4) Listen

The golden rule of any interview is to listen much more than you talk. This is even more important in an exit interview.

If an employee is leaving under difficult circumstances, it’s important to give them the uninterrupted space to voice their concerns about the organisation, even if you completely disagree or think that what they’re saying is unfair to the organisation or their manager.

If it’s not clear why the employee is leaving, it’s possible they aren’t going to pinpoint exactly which reason or set of circumstances has resulted in their resignation. This means you need to have your best listening ears on so that you can identify when the interviewee might be holding back, and gently draw out useful information from them.

Here are some simple tips for active listening;

  • Spend more time listening than you do talking;
  • Don’t try to fill the silence – give the interviewee time to think about what they want to say before answering;
  • Stay neutral – including your words, your body language and your facial expressions;
  • Start general, and then get specific – ask a broad open-ended question first and then listen to their answer before deciding if you need more information;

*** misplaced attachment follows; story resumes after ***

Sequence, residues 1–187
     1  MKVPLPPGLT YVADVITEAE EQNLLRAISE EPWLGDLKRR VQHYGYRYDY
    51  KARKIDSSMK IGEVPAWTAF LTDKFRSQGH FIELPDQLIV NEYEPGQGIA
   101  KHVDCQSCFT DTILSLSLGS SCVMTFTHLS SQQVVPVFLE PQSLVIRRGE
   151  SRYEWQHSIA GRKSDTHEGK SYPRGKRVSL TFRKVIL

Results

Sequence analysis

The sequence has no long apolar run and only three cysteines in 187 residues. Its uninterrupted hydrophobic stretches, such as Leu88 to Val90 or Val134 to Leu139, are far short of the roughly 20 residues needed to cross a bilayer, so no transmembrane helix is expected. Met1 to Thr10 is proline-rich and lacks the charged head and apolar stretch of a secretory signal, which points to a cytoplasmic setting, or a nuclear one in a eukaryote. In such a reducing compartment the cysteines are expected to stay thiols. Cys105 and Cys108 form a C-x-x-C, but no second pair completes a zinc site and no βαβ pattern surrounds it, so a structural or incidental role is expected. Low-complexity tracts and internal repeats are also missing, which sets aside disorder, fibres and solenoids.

• Validate what the person is telling you – for example “That sounds like a difficult experience for you”;
  • Reflect what the other person has said to ensure you understand what they’re saying – for example: “So the key issue for you was…”;
  • Never interrupt;
  • Don’t push too hard – if you keep probing for more information when it’s clear that the employee doesn’t want to divulge anything further, you risk them shutting down the lines of communication altogether. Listen for cues that an employee is uncomfortable with the questioning, and if you aren’t getting anywhere, move on; and
  • Don’t try to respond to accusations – even if you disagree with what’s been said, you’re not going to convince the person that they’re wrong.

5) Provide more than one way to give feedback

A face-to-face exit interview has some benefits over a written survey: it offers an opportunity to dig down into issues to understand them better, and it shows that you genuinely care about the outgoing employee or volunteer’s opinion, as you are willing to give up time to listen to them.